Go SDK Roadmap
The Go SDK is currently experimental. As the first purely portable Beam SDK, the Go SDK is constrained by the status of the Beam Portability Framework and the existence of portable runners.
April 2020 Update This year we hope to move the SDK out of experimental at least for Batch usage.
To do so, there are a few blocking changes:
- Support Interoperability with other SDKs
- Scalable IOs
- Portability Proto stability
- Go Ecosystem integration improvements
Interoperability while not a blocking feature in itself, requires Beam Schema support, which the SDK could then use as it’s default coder. Batch Splittable DoFns are nearly ready for playing with on Flink, and the Python Direct Runner, answering the scalable batch IO question. There’s much work getting the portability protos to a stable baseline. This will allow runner and SDK independance, so they don’t need to be updated in lockstep. Finally, the Go SDK should adopt Go Modules as it’s versioning solution, and officially “catch up” with the current beam version.
The Go SDK has the following goals for the next few months:
Integrating with the Go ecosystem
The authors of the Go SDK intended to keep the parts of the language we love, and intend for user pipelines to be as close to ordinary Go as possible, minimizing framework boiler plate code.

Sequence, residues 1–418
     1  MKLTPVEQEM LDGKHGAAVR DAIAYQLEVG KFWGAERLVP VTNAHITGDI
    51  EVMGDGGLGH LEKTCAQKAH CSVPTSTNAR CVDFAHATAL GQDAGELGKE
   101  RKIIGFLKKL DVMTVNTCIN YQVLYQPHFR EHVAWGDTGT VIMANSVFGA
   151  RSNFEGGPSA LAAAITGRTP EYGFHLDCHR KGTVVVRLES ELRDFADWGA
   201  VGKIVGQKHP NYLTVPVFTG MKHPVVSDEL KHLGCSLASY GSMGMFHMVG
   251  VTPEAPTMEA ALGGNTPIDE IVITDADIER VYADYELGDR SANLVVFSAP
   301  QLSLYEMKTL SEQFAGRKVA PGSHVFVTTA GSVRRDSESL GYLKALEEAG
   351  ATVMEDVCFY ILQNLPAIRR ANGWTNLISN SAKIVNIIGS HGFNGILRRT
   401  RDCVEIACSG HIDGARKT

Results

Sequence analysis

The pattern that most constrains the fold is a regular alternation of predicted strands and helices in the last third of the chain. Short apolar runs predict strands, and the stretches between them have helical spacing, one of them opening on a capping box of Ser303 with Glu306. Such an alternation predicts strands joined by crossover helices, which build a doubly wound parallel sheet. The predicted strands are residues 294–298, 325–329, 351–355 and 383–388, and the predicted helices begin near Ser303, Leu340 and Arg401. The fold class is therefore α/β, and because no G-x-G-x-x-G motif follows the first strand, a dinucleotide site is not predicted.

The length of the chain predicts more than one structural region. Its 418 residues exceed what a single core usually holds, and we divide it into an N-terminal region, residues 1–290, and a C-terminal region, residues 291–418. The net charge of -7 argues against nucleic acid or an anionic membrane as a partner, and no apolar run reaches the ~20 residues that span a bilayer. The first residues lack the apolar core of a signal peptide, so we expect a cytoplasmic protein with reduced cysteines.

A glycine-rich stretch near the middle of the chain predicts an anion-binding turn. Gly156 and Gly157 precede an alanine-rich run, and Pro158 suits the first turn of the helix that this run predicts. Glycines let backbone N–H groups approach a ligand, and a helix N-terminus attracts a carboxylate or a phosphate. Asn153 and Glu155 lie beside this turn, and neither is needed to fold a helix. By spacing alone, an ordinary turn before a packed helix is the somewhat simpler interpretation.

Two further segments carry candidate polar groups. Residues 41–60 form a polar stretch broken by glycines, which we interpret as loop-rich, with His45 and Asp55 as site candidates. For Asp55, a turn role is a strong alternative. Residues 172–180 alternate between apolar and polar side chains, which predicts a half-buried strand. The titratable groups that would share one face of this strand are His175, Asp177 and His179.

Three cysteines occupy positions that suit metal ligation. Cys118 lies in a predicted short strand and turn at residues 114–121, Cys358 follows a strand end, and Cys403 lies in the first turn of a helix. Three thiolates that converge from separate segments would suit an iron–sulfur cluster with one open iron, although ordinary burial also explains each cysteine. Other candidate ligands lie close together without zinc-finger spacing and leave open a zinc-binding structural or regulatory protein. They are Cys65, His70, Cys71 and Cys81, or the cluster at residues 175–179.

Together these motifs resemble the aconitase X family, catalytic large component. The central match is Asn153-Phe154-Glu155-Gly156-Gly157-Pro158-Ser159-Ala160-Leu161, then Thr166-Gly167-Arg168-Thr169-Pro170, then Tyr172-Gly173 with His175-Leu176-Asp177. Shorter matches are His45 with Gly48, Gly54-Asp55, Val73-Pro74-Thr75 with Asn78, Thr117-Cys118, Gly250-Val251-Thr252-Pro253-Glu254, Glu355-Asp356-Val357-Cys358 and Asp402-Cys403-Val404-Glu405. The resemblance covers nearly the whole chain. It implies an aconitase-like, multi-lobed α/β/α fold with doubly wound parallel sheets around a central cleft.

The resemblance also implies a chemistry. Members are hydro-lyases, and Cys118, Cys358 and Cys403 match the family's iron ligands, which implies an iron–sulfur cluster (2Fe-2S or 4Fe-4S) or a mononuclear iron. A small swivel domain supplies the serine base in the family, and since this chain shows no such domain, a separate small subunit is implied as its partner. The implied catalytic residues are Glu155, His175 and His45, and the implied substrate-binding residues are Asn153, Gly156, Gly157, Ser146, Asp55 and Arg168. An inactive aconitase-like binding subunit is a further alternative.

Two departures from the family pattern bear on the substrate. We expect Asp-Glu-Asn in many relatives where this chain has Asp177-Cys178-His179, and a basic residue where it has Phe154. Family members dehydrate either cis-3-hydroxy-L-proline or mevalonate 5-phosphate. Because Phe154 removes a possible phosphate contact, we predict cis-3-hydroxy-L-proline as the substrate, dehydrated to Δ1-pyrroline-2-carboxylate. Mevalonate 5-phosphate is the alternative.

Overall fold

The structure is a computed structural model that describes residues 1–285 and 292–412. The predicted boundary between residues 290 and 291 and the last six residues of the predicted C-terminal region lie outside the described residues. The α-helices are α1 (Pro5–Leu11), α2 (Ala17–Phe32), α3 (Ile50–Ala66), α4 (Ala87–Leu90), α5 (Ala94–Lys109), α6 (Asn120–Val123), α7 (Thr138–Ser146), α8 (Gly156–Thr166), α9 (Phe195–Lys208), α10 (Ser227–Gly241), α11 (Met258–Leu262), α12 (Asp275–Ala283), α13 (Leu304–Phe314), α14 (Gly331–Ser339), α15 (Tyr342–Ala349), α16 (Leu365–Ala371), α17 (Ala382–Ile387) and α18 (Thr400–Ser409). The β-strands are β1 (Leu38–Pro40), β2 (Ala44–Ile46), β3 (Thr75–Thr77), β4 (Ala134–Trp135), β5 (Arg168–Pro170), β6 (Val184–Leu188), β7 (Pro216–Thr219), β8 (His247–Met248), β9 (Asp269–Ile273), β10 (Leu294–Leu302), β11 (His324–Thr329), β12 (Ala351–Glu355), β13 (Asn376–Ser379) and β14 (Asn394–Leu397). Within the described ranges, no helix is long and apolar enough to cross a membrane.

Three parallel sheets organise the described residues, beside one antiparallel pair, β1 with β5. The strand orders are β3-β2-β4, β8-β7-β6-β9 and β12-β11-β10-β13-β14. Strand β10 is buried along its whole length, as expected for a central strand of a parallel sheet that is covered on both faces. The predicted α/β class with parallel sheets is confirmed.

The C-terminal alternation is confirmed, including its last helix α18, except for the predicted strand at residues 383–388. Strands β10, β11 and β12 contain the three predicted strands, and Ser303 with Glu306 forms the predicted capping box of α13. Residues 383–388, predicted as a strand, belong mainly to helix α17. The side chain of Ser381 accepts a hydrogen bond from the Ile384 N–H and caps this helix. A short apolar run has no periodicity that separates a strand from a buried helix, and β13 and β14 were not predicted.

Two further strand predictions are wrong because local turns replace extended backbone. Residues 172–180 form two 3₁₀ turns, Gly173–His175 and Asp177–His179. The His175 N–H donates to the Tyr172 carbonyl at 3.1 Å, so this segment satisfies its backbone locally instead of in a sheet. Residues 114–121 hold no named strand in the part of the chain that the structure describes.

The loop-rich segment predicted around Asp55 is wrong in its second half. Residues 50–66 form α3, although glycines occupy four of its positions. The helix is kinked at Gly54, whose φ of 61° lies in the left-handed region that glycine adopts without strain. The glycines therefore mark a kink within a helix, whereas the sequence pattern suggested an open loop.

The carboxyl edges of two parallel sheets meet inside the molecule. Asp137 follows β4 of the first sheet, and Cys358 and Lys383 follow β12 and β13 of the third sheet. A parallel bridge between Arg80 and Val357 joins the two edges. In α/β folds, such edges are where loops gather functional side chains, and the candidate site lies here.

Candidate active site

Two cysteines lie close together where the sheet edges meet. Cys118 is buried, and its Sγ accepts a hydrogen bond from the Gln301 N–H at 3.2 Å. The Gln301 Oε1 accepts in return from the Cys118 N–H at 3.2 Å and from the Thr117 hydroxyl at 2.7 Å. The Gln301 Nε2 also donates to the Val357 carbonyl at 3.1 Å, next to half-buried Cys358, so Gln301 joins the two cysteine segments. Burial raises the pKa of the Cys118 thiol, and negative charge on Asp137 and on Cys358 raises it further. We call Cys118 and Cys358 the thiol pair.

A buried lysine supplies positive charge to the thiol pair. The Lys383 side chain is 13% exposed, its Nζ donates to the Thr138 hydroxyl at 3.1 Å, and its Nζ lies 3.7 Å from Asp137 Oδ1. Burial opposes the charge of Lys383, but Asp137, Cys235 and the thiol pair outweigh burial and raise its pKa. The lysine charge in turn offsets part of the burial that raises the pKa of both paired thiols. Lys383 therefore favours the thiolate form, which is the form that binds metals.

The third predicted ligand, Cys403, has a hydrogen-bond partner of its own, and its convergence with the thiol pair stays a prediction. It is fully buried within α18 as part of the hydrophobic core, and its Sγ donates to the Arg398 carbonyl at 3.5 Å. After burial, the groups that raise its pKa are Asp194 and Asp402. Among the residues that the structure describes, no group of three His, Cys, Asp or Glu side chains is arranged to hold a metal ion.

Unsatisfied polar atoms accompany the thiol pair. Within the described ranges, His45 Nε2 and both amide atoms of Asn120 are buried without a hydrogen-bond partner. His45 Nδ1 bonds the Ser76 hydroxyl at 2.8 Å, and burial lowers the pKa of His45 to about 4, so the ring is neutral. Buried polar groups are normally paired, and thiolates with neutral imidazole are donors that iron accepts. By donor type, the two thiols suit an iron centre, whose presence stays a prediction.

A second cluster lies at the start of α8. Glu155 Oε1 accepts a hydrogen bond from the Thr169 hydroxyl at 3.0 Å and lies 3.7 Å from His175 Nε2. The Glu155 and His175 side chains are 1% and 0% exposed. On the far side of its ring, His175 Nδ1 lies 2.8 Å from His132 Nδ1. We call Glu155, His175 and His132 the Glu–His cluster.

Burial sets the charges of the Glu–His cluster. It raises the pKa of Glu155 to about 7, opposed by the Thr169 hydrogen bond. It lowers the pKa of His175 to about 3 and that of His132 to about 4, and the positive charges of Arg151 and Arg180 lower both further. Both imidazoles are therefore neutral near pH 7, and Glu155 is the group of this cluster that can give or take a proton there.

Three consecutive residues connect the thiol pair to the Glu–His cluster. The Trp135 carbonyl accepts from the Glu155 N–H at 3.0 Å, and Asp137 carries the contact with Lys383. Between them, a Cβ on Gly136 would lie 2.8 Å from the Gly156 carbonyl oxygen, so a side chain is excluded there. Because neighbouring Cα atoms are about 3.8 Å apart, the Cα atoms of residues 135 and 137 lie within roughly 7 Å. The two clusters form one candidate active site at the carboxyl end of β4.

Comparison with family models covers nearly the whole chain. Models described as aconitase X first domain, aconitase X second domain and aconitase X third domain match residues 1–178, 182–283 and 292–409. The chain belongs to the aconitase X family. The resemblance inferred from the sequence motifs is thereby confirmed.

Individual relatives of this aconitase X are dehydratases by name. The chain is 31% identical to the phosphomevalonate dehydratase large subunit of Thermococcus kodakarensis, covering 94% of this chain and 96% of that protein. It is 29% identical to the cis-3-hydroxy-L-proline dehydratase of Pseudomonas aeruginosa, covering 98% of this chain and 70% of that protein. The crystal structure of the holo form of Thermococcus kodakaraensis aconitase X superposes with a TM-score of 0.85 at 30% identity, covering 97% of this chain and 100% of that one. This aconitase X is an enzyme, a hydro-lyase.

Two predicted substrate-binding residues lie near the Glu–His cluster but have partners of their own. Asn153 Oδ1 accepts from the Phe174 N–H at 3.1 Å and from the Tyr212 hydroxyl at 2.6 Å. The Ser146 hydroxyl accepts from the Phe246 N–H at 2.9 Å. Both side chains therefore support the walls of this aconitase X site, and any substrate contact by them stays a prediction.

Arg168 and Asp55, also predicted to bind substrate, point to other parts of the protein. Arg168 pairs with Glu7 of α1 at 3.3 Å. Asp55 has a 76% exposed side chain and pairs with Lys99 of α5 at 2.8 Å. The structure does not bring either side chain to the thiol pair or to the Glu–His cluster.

Implement Portability features
The following are dependant on the features being implemented in the Portability Framework.
- Splitable DoFns (SDFs) for Scalable IO BEAM-3301
- This is the primary blocker for the Go SDK to scale to ingest large numbers of elements in both batch and streaming.
- Triggers and Timers BEAM-3304
- Advanced WindowFns
Without SDFs, IOs are always constrained to work on a single machine prior to a sharding operation (like CoGroupByKey), which makes scalable IOs difficult to impossible to write.
Otherwise, improving examples and documentation for devs and users alike is ongoing. Contributions are welcome. Please contact the dev list for assistance in finding a place to help out.